Is a Patient Contact Center the Right Access Strategy for Your Organization?

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Creating a barrier to customer interaction is almost unheard of in most industries. In healthcare, providers seem to make it their business to prevent patients from accessing care. The ways that organizations hinder access are seemingly innocuous but nonetheless effective: telephone calls are answered only during limited, inconvenient hours; Web-based access points are emerging but not fully developed; physician schedules are restricted based on what works best for the organization (not their patients); multiple points of contact exist for seemingly basic tasks, like reaching a nurse; and the list goes on. Providing customer service via call centers is the standard for many industries but less common even among the largest healthcare providers. When designed and implemented correctly, these contact centers create significant efficiencies for healthcare organizations and contribute to substantial improvements in patient access.

More Than a Switchboard: Patient Contact Center Suite of Services

Patient contact centers have the ability to provide numerous services, surpassing what is traditionally recognized as a hospital switchboard or physician office telephone bank. These areas can encompass both clinical and nonclinical services, as well as processes to coordinate care across the system. Examples include referral management, 24‑hour nurse advice, e-visit capabilities, and post-hospital discharge outreach.

Patient Contact Center Benefits

When designed correctly, a patient contact center can reap significant rewards for patients as well as health systems, such as:

  • Providing higher levels of service, in terms of speed to answer calls and lower call abandonment rate.
  • Streamlining multiple-appointment booking across care sites or clinical services (e.g., oncology).
  • Allowing practice sites to focus on the clinical provision of care rather than administrative processes.
  • Facilitating the standardization of operational procedures that tend to be difficult to monitor/
    change in the individual practice setting (e.g., provider scheduling rules, patient information verification processes).
  • Leveraging economies of scale in staffing that cannot be realized at individual locations.
  • Preventing referral leakage outside of the health system/network.
  • Introducing new access points (e.g., 24-hour services).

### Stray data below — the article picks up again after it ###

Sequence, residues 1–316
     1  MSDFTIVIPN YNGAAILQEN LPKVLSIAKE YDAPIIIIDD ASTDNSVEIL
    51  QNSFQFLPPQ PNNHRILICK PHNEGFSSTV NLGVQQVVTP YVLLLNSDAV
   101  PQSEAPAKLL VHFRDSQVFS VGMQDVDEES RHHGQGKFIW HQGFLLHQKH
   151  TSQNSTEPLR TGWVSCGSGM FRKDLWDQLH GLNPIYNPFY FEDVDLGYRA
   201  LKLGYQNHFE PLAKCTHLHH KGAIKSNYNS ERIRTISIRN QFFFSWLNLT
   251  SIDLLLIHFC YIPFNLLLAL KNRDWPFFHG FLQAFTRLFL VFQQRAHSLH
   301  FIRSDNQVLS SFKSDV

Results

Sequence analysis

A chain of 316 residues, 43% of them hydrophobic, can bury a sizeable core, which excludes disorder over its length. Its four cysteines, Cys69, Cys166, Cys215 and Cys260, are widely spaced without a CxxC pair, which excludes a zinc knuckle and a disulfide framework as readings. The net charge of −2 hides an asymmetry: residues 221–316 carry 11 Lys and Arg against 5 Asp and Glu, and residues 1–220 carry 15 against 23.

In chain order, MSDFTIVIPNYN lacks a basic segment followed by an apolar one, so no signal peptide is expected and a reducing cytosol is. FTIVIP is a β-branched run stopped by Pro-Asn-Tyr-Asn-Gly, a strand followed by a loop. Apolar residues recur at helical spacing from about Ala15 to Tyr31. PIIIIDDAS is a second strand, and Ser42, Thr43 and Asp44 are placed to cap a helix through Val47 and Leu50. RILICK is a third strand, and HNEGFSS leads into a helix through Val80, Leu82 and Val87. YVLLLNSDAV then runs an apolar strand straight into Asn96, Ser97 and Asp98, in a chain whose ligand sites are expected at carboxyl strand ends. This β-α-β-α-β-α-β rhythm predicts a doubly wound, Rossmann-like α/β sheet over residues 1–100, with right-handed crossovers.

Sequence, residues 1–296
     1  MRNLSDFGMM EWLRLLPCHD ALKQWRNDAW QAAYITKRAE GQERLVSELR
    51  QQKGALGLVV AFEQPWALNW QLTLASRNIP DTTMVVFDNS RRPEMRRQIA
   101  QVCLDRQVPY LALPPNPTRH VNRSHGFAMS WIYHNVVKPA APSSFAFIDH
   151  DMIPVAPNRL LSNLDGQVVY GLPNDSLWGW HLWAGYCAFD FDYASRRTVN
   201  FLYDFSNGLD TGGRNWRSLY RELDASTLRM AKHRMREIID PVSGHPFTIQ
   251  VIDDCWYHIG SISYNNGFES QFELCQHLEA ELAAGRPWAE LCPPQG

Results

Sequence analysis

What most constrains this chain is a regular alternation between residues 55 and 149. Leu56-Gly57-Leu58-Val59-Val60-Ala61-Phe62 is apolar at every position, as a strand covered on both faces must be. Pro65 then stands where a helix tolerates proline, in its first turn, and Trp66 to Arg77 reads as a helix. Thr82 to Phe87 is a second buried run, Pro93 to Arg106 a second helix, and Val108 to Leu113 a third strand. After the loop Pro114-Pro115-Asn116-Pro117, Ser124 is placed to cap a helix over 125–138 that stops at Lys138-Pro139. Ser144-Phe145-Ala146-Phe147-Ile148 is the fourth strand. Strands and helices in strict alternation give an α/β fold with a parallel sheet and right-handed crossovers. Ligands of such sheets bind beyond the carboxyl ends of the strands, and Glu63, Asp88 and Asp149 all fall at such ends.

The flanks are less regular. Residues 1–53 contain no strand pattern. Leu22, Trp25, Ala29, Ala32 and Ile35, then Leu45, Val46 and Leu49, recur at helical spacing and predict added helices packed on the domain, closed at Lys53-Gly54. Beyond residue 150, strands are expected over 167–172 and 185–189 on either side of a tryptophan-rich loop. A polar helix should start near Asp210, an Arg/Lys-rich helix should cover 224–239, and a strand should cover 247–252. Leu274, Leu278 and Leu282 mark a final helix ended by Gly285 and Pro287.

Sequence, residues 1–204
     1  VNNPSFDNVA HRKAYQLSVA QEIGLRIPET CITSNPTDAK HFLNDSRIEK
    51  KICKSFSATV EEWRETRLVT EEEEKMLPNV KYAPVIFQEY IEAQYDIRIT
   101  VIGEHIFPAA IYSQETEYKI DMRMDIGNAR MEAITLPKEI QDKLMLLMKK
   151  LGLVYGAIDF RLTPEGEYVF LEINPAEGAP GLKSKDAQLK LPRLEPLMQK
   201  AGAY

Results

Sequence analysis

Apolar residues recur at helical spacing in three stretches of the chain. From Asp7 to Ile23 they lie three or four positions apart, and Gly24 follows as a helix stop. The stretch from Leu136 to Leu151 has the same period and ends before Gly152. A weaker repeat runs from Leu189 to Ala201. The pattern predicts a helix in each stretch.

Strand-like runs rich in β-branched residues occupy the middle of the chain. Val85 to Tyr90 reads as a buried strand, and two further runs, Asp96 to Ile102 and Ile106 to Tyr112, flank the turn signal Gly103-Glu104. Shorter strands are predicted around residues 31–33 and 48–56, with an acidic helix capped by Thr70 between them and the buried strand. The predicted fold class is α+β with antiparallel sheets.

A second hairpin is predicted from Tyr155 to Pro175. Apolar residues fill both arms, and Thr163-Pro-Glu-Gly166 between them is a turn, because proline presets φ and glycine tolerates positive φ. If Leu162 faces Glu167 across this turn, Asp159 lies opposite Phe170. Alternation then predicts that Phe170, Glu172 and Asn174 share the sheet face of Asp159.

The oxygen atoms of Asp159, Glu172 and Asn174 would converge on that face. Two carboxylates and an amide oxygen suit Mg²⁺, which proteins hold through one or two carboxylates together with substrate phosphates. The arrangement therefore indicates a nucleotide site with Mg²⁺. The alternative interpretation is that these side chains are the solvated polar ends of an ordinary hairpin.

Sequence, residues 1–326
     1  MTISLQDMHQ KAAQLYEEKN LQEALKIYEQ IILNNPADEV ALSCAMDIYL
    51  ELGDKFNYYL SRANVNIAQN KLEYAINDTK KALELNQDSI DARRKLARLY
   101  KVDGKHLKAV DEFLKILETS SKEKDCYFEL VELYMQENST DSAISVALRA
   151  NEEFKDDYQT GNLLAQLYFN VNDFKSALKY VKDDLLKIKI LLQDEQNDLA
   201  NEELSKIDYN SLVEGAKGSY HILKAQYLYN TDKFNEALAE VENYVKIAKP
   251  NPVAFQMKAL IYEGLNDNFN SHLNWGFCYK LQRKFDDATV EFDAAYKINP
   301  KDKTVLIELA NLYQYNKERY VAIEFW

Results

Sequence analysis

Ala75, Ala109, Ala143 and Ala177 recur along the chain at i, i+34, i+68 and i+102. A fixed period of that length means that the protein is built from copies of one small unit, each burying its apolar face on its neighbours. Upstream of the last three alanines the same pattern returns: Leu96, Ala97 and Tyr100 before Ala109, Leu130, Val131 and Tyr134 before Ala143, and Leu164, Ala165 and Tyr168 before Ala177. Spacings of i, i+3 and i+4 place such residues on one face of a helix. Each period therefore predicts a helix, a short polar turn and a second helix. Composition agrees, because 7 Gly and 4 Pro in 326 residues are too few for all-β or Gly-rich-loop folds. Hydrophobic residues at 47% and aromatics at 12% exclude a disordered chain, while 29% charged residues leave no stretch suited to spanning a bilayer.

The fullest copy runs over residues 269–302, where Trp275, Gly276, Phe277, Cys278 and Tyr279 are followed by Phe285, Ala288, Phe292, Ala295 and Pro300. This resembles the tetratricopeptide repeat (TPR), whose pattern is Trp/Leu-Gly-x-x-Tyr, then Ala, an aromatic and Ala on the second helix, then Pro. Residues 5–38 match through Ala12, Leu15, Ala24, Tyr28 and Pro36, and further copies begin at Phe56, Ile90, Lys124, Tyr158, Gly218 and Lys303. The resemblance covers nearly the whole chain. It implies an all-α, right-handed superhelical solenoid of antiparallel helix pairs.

Operational Requirements

Successful operations are as much about creating the right work flows for the contact center personnel as they are about educating the practices on their role in the contact center environment. Defined accountabilities and communication channels, among other key requirements, are critical in achieving a best practice contact center. Key success factors are summarized below.

Build or Buy?

There are a variety of services that may be appropriate candidates for outsourcing. Other services are essential to day-to-day operations and have historically functioned less optimally in an outsourced arrangement. Outsourced vendors will need to display increasing capabilities to understand the localized healthcare environment in order to successfully provide services that are core to patient care operations.


Key Questions

When considering a contact center solution, an organization needs to ask the following questions:

  • How complex and variable are current patient scheduling practices?
  • To what extent is the organization willing to embrace standardization/centralization, given that the change to a patient contact center may require the efforts below?
    • Staff relocation or displacement.
    • Limitations on physician and practice scheduling preferences.
    • Significant change management efforts.
  • Do current service levels suggest a need to centralize contact center services to enhance the patient experience? What areas (e.g., scheduling, referrals, nursing) are most critical to address?
  • To what degree is the organization’s payer strategy aligned with making additional investments in outreach and population health management activities that may not be in place today?
  • Is insourcing contact center services strategically and financially feasible, or can the desired results be achieved through outsourcing to an external partner?

Contact centers are not the right solution for every organization but should be considered within an organization’s overall patient access strategy to move from provider-focused to patient-centric care delivery.


  • 1.

    Several vendors are experimenting with outsourced arrangements that provide direct access to EHR and PM systems.